The gravity of the word - "despicable" - said it all. Cricket Australia has had enough of David Warner's antics and defective team environment that saw him intoxicated and brawling in a Birmingham pub at 2.30am.
It was a steaming CA chief executive James Sutherland that fronted media in Brisbane to fire a rocket at the troubled opening batsman, who has been suspended for a month and fined $11,500 after his altercation with England batsman Joe Root.
Warner may still be on tour but judging from Sutherland's words and demeanour, it's clear the governing body has had its fill of misbehaving cricketers.
Sutherland didn't stop with Warner either, putting the wider team on notice to shape up as they enter a five-Test Ashes series in which they start heavy underdogs.
Warner wasn't given an official final warning but the ice on which he skates is now paper thin. He will miss the remainder of the Champion's Trophy and the tour games but remains a technical chance to play in the first Test against England at Trent Bridge.
Ed Cowan and Chris Rogers are now favourites to open the batting against an English side that will be licking its lips at the prospect of tucking into the wobbly Australians, whose discipline is lacking, captain has a crocked back and best quick (Ryan Harris) is a week-to-week proposition.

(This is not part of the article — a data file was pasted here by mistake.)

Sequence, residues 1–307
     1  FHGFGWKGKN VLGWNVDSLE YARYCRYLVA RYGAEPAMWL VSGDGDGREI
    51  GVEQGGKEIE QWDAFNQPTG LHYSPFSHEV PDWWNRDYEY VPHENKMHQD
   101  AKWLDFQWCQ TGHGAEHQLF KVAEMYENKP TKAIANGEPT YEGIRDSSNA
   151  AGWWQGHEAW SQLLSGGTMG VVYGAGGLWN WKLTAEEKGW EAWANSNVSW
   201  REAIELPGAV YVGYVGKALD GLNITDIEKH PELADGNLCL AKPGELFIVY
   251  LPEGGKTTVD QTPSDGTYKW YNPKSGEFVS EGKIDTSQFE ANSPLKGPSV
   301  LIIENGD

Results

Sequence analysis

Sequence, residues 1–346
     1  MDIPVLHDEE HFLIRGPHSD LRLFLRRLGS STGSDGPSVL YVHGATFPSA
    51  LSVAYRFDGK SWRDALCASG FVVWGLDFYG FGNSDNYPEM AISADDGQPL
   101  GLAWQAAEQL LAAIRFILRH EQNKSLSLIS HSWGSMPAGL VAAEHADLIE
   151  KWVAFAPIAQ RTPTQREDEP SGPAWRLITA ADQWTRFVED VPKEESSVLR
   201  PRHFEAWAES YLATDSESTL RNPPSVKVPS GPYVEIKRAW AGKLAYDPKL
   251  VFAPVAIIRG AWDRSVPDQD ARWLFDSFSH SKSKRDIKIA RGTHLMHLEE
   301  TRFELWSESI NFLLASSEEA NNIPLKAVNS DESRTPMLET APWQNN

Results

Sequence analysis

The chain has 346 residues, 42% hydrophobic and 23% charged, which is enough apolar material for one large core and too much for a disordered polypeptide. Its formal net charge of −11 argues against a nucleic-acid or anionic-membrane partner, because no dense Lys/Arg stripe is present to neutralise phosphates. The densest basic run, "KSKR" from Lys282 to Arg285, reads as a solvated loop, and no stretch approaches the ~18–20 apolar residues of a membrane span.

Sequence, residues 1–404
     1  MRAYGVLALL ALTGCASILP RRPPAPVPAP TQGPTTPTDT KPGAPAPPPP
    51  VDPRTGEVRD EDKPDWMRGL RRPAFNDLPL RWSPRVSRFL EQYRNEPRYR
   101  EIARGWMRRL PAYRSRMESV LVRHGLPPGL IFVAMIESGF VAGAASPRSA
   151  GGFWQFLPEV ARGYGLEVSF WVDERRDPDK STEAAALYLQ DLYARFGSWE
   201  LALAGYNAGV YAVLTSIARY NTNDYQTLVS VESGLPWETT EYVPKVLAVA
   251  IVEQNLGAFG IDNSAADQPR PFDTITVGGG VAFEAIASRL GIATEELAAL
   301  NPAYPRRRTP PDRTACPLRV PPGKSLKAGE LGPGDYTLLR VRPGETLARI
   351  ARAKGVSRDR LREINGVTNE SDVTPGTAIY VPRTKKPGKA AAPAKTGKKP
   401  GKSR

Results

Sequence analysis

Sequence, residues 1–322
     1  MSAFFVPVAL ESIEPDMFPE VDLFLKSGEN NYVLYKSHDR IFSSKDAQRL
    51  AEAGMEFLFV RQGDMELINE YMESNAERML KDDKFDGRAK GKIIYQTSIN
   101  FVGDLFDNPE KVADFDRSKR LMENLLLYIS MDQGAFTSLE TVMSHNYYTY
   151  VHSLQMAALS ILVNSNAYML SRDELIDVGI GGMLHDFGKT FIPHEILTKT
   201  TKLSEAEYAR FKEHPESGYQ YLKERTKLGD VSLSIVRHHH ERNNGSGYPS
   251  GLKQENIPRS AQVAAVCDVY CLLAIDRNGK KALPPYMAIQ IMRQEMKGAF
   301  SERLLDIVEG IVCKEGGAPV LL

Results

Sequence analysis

Exactly why Warner wasn't sent home, or at least stood down for a Test match like the "Mohali Four", will spark debate about the consistency of CA's code of behaviour, headed by Justice Gordon Lewis. Sutherland conceded Warner partly dodged a bullet.
"I think he's very lucky. Could have been a lot worse, couldn't it?" Sutherland said.
"It's not my role to sit in judgement of that. It's Gordon Lewis' job. I respect the decision he's made. He's made the call that this penalty is appropriate in the circumstances."
It wasn't just Warner being lined up against the wall. He was reportedly out with Clint McKay, Mitchell Marsh, Phil Hughes, Matthew Wade and Glenn Maxwell, all of whom are now in hot water with the boss.
"David Warner has done a despicable thing. But I also hold the team to account. There were other people there with him. Those that were there need to take responsibility for that. And so does the team as a whole," Sutherland said.
"We'll deal with those. They have already been spoken to. We'll continue to talk to them about how they can make better decisions in the future as well."
Warner has apologised to Root and said he doesn't have a problem with excessive drinking, even if the manager of the Walkabout said the 26-year-old had become a regular face over the past week.
"Definitely not. I don't think I've got a drinking problem at all," Warner said from London. "It's just basically I've got to make the right decisions at the right time.
"That night wasn't a good time to go out and have a beer.
"We'd lost a game. We don't have curfews, but looking back there should have been in that situation."
- Brisbane Times
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